Dan Paden said:

Agreed. Frist hasn't been able to control his senatorial colleagues adequately. He was already out of the running.

Anon said:

Just thinking out loud....but, is 'life' attributed only to homo sapiens (homo saps, as I refer to them)?

Sure, we're smarter (most times) and (actually do) control Earth (from a social basis), but life is life, the way I see it.

Given that, how is us any different than the beef or eggs we eat, or the mice who routinely sacrifice everything for our cosmetic glory?

I think there's a genuine fear there among those who place such a high value on human life, as opposed to any other form of life, that they may someday realize we really are no more 'alive' than other 'living' things. It's all a part of the cosmic fungal muss which grows on this planet.

Whether we have a 'creator' or not doesn't enter the picture. Life is either life, or not. There is simply too much simblance between human and animal birthing to suggest one has been 'granted' and the other not.

We use our means (knowledge, intelligence, skill) to effect perpetuation, just as animals do to the extent of their abilities. And, we use them to further our cause.

That said, there is a huge difference between stem cells from embryos and partial-birth abortion.

The same discussion applies to assisted suicide and various other social issues.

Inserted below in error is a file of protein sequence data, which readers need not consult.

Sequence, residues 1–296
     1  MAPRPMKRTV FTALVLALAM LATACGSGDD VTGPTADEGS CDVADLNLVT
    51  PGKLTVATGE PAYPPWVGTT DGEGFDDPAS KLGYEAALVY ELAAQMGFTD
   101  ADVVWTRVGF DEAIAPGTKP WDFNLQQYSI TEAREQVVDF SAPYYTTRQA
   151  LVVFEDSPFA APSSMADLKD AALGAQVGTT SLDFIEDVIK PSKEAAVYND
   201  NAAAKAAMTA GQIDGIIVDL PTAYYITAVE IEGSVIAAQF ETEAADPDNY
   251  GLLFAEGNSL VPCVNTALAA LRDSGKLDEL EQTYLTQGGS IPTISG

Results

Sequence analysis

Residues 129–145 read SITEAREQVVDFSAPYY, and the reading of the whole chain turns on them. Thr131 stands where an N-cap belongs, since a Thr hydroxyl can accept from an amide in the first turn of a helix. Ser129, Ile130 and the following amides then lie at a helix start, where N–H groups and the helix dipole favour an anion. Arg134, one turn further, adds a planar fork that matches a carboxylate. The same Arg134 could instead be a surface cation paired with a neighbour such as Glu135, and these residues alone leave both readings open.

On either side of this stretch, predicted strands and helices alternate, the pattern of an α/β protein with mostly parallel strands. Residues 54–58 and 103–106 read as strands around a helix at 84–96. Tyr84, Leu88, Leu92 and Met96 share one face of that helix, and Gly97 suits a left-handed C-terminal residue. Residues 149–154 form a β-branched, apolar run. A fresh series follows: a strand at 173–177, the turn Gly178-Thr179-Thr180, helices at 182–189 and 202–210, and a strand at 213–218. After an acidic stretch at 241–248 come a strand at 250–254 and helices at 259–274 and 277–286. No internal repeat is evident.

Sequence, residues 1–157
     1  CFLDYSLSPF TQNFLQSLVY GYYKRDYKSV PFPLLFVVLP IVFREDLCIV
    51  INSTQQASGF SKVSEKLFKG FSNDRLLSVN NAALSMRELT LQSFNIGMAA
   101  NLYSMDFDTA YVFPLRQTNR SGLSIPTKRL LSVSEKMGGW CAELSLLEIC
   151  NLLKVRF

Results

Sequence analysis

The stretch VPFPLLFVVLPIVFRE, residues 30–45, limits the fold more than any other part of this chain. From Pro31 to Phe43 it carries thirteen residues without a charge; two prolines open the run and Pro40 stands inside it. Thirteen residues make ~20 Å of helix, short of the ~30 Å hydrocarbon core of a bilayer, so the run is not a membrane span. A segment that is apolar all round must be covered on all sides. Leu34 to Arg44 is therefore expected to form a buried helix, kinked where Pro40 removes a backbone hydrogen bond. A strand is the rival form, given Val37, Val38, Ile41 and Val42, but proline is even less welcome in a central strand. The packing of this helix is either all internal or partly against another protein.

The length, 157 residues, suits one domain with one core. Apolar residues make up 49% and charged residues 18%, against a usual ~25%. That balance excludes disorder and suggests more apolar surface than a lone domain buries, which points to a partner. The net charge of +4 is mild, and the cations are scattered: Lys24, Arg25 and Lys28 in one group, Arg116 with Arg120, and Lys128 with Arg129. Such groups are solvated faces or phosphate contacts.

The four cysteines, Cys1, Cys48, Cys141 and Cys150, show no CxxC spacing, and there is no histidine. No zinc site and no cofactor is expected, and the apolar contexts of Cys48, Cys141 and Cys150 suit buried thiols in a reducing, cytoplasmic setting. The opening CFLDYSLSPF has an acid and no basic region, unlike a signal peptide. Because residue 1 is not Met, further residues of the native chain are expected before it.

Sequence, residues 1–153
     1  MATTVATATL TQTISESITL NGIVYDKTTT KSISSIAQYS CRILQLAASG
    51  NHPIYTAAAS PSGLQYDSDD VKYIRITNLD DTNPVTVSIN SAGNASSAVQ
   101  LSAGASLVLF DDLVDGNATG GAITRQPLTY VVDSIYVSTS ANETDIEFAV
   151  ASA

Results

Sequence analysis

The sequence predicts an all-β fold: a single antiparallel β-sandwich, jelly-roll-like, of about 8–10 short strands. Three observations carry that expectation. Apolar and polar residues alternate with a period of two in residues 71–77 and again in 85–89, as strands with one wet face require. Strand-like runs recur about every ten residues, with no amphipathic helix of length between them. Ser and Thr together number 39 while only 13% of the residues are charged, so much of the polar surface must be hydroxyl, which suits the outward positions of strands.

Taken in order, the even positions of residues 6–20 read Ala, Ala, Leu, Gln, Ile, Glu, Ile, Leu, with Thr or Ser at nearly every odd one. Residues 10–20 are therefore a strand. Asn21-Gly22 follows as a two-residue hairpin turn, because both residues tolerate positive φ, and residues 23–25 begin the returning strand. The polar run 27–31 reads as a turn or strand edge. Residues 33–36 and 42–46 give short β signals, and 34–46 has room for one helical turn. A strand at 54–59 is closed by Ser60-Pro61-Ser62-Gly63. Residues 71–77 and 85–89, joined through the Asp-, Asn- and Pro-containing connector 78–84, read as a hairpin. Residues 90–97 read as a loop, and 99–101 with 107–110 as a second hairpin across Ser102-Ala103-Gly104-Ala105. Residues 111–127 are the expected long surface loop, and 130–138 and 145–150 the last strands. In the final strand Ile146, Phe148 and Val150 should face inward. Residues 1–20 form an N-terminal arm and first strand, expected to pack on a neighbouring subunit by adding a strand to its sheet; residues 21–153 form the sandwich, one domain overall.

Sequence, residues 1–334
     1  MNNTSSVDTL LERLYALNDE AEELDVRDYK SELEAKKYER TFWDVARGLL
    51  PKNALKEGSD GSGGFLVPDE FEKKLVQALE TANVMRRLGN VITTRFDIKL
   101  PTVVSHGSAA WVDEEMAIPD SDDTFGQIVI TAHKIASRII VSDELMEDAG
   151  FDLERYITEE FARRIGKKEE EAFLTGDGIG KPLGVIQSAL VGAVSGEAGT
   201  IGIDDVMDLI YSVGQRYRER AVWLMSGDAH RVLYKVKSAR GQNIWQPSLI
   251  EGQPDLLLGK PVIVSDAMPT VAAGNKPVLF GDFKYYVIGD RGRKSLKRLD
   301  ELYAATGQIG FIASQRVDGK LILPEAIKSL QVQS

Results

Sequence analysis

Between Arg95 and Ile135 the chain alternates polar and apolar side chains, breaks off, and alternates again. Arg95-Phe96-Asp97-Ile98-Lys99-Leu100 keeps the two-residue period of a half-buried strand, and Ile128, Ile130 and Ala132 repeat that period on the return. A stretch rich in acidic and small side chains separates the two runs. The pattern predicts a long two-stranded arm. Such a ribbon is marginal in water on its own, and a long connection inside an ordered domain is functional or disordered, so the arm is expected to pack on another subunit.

What we wish is to be civil, to enjoy our lives and answer that never-ending call for knowledge.

Simply put, I don't see the argument against this.

Dan Paden said:

Actually, whether we have a creator or not does make a difference, since that creator has both the right and the means to designate the roles and uses of each element of His creation. In this case, the God revealed in the Bible has made a clear differentiation between mankind and the rest of the creation, even down to explicitly stating, post-flood, that we are free to eat animals. Good thing, too--I just love tasty animals.

theotherguy said:

This "discarded leftover" argument is so lame. Think how much progress could have been made if Mengele could have continued his experiments on those that afterall were going to be "discarded" anyway. We might have had the first heart transplant years before. How about spending the money to get these children adopted. That would be saving lives, not condeming them to death in the lab.

WarrenB said:

Theo,

Only about 65-70% of embryos survive thaw, not even considering the loss rate during the implantation process.

If you consider these 2, 4 or 8 cell embryos to be equivalent to human beings, then you must condemn the practice of freezing embryos (a standard in vitro fertilization technique) in its entirety.

theotherguy said:

Warren,

Exactly! What other medical procedure would be approved that only has a 65-70% survival rate. But then children have a history of being disposable.

WarrenB said:

I'm sure most couples who do 'in vitro' fertilization are aware that the loss of some embryos is expected. Would you then label them murderers, or at least guilty of negligent homicide?